If Z Nation is going to continue to fill out its seasons with these amiable one-off adventures, let’s hope they’re all as entertaining—and as format-altering—as this one.
What makes “We Interrupt This Program” work as a side mission is how it actually drives the plot forward, and leaves our heroes in a different place (both emotionally and story-wise) than they were at the beginning of it, something the series struggled with in previous years. Sure, it’s a disposable conceit—discovering the remnants of a TV station that first reported the zombie outbreak—but it serves the larger narrative by allowing the Operation Bitemark team to re-establish contact with Kaya and Simon, thereby providing necessary connective tissue between those locations and furthering the Zona storyline with that final “Black Rainbow” reveal. Best of all, it makes an ambitious play to shake up the episode format, toggling back and forth in time between the initial outbreak and the current escapades. You’d be forgiven for seeing that “Action News 9" chyron below our characters as they march down the street and thinking to yourself, “What the hell?”
Really, the episode is split into three arcs, as we go through the past, the assault on Camp Northern Light, and then our main characters’ attempt to get to the radio tower and communicate with Kaya. The transitions are often skillfully deployed, such as the remote crew shutting the trunk of the car only to have our people immediately open it back up in the present day. (Director Dan Merchant again demonstrates why he’s one of the show’s go-to helmers.) It’s not easy to continually intercut among different locations in space and time without harming cohesion and pacing—witness some of the clunkier installments of this season of The Walking Dead for proof of that—but here it works, maintaining a fleet momentum that carries through each storyline.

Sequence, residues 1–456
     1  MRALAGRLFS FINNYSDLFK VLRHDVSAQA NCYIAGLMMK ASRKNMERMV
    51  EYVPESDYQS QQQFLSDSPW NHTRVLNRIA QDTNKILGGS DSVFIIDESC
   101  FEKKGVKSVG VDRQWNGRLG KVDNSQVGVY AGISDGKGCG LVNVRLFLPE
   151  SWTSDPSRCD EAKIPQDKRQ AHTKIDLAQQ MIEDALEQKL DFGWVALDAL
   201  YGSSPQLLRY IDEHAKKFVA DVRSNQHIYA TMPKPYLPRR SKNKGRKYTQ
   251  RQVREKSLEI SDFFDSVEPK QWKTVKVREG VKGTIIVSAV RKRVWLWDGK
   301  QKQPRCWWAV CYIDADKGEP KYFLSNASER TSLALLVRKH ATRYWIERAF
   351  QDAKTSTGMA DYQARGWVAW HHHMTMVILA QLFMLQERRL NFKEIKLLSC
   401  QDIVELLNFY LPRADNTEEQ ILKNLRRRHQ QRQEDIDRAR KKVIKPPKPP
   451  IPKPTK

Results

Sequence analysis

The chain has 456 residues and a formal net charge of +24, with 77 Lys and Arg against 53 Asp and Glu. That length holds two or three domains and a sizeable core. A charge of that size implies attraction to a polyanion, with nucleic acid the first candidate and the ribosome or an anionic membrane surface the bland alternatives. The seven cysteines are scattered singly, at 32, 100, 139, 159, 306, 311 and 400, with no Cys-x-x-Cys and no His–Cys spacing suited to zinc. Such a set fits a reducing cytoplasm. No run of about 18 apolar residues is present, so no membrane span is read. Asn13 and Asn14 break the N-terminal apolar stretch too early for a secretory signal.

The first is both the silliest and the most innovative, as Carly McFadden and the rest of the Action News 9 crew stumble into the onset of the zombie apocalypse, putting a real damper on Carly’s big day of moving into the news anchor seat. The opening weather report, followed by that breaking news chyron, made for an unusual and interesting tweak to the show structure, and it gave Z Nation a chance to play around with the origin story of the zombie epidemic.
Better still, all the lighthearted silliness of the premise, followed by the remote crewman becoming a Z and slowly turning every member of the office, managed to mask the fact that Carly’s struggle to survive and escape ended up being unexpectedly moving in its downbeat conclusion. The death of one-and-done characters is almost impossible to imbue with pathos, because we don’t spend enough time with them or have any investment in them beyond what they can do for our protagonists. But Carly’s story fit all the hallmarks of a normal “final girl” horror scenario, so when the show pulls the rug out and reveals that she didn’t escape and also wasn’t killed by Zs, but instead spent her final days trapped on the roof, waiting to die, it lands with surprising force. That lonely death is sadder and more melancholic than being torn apart by Zs—and more unusual, given the broad comedy of the build-up to it, Taco Tuesday bathroom disasters and all.